Tuesday, October 19, 2010

Big South Fork, part 2


A newly documented arch from a lead from Keith. This is a major arch . . . the smallest part of the opening measuring about 50'.


It is located not far from Clarkrange, TN. on private property.


And the arch is significant historically as well, for there are a couple of Native American pictographs on the arch itself.


One was described as a "pot of gold" or "kettle." And then there was this one . . . a local we talked to described it as a "fox," but I think it more resembles a buffalo (the horns and hump).


This is one of my favorite arches in the BSF region . . . Clarkrange Triple. It is located on private property.


The owners have done much to clean the area up. This is a view from one of the smaller openings.


This is an arch Vic and I documented a few years ago. It is a major arch that is located in Wayne County, Kentucky.


It measures almost 70' wide.


The coloration of the rock is amazing.

4 comments:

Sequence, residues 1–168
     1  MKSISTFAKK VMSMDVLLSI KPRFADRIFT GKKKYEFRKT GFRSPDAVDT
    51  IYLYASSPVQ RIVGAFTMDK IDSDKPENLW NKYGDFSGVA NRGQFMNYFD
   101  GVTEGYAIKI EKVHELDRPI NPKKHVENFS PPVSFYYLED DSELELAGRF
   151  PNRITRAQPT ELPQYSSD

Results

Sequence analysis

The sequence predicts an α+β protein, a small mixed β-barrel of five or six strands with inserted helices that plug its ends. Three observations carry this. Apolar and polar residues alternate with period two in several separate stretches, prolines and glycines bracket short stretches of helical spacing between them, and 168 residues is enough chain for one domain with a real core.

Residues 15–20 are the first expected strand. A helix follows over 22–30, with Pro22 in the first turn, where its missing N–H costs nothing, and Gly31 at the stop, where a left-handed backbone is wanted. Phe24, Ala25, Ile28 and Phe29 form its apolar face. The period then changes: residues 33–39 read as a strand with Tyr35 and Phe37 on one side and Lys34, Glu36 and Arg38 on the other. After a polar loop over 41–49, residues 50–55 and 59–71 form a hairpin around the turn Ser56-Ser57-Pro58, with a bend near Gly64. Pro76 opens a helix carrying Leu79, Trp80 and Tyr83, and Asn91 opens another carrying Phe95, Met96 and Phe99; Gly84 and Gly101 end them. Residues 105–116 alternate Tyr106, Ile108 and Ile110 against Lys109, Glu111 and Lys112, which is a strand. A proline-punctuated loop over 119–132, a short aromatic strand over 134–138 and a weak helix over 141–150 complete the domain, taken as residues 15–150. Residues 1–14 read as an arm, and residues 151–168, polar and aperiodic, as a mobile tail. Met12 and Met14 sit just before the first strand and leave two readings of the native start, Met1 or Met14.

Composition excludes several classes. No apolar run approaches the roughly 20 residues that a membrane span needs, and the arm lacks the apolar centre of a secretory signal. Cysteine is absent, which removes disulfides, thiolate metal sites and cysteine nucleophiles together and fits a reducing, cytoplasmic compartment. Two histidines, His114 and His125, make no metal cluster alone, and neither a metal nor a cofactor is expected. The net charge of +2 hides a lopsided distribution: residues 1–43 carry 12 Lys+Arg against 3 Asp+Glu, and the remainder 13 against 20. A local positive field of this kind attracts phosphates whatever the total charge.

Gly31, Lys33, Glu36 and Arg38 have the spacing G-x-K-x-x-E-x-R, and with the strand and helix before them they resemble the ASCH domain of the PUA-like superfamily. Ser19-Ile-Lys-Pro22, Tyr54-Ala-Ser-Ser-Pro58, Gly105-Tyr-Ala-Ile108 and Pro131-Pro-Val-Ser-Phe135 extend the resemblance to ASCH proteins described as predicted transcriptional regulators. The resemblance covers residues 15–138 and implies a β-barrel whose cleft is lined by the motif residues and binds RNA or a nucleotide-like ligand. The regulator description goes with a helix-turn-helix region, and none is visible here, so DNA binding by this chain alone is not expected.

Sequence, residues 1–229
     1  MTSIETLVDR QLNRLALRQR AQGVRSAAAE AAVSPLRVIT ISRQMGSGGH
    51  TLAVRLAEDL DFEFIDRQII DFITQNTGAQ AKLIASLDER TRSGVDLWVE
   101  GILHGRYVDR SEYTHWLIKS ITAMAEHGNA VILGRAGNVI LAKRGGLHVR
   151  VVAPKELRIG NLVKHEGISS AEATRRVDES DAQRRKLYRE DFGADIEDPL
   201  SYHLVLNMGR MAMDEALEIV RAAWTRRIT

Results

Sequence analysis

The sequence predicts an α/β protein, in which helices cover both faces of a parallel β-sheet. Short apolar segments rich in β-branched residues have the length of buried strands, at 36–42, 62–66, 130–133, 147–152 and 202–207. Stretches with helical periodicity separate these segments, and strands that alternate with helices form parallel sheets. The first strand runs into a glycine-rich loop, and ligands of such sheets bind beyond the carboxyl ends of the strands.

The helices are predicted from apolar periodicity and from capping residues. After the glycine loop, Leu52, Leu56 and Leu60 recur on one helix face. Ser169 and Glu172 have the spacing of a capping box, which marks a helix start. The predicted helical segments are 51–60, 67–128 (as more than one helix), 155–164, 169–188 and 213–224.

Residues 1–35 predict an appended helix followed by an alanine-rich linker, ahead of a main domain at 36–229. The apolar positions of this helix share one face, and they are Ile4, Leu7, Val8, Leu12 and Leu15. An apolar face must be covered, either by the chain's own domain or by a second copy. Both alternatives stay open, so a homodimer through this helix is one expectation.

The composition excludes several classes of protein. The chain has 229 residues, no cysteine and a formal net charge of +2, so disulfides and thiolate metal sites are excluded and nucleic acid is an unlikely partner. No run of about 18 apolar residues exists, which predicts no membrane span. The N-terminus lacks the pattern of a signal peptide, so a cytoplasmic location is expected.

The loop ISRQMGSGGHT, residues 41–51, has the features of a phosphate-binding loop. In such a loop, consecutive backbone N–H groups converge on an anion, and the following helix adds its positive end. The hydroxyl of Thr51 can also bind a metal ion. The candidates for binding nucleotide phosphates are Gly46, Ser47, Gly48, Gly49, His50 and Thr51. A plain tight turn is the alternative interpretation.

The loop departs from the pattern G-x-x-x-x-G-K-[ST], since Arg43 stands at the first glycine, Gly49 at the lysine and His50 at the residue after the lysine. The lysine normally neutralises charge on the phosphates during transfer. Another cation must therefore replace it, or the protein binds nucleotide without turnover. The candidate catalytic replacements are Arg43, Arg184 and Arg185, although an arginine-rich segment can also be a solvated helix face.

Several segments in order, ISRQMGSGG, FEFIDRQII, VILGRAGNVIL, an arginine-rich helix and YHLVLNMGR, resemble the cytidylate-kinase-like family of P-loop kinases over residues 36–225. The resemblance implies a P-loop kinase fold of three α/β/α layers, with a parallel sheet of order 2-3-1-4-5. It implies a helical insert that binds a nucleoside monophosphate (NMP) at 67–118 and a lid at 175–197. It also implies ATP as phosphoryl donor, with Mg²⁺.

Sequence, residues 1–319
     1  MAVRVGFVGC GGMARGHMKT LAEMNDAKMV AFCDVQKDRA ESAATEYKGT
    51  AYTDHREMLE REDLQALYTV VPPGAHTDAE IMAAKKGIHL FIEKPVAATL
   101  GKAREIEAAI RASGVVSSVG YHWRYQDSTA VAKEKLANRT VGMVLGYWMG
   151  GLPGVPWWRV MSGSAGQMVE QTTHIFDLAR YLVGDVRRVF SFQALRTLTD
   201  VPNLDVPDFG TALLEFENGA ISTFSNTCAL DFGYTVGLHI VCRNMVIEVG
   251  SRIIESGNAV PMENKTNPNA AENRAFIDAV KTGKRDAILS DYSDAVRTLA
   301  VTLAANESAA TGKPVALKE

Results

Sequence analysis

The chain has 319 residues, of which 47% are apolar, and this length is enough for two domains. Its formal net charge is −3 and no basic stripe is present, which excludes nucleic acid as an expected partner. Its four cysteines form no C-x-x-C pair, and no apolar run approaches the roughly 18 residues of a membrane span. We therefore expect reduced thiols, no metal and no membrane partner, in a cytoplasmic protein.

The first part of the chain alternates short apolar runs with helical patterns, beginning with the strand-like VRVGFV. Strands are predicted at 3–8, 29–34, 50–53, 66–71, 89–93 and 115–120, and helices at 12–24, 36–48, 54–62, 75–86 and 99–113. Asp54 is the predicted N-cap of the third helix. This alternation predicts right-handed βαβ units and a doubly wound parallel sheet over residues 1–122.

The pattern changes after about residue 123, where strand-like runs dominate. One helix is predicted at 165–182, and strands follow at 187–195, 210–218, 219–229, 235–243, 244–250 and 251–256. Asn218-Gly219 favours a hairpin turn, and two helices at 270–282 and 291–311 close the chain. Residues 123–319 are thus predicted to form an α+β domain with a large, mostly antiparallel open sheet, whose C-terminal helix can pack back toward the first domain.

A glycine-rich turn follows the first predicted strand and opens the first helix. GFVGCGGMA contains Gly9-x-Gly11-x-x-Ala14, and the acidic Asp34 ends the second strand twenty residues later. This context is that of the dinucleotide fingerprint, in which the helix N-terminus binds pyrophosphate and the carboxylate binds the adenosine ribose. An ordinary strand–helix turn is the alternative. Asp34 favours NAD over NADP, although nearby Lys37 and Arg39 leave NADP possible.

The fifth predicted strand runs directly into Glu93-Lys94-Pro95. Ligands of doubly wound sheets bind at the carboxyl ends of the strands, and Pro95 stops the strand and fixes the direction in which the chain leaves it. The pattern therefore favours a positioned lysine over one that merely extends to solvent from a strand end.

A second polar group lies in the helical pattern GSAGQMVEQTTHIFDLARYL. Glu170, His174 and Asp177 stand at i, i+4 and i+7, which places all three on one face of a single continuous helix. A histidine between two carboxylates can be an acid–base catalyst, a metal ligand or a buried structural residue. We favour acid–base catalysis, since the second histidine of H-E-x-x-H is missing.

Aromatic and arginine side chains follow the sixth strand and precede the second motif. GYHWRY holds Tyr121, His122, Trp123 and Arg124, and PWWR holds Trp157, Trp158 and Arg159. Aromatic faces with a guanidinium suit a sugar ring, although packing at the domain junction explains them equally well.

Adonis said...

Amazing! Do any gumint or archaeology types know about the pictographs? Are you sure that arch is just around 70 feet? It looks longer in the photo.

Adonis said...

And what is the cause of the coloration? Fine work lads.

Merkin J. Pus-Tart said...

We asked an old timer if any "archaeology types" had been around, but he didn't really say. He did talk about stories his father and grand-father told him about Indians traveling down the old road bed in front of his house every winter. As for the coloration, it is from the run-off in the creek above. The huge section shown in the picture is at the drip-line, so it is concentrated there.

Merkin J. Pus-Tart said...

Oh, we measured it at 68' wide x 18' high. You measure at the smallest point in the opening. The front of the opening is longer than the back. Many arches have been measured wrong, thus are actually much smaller than what they appear.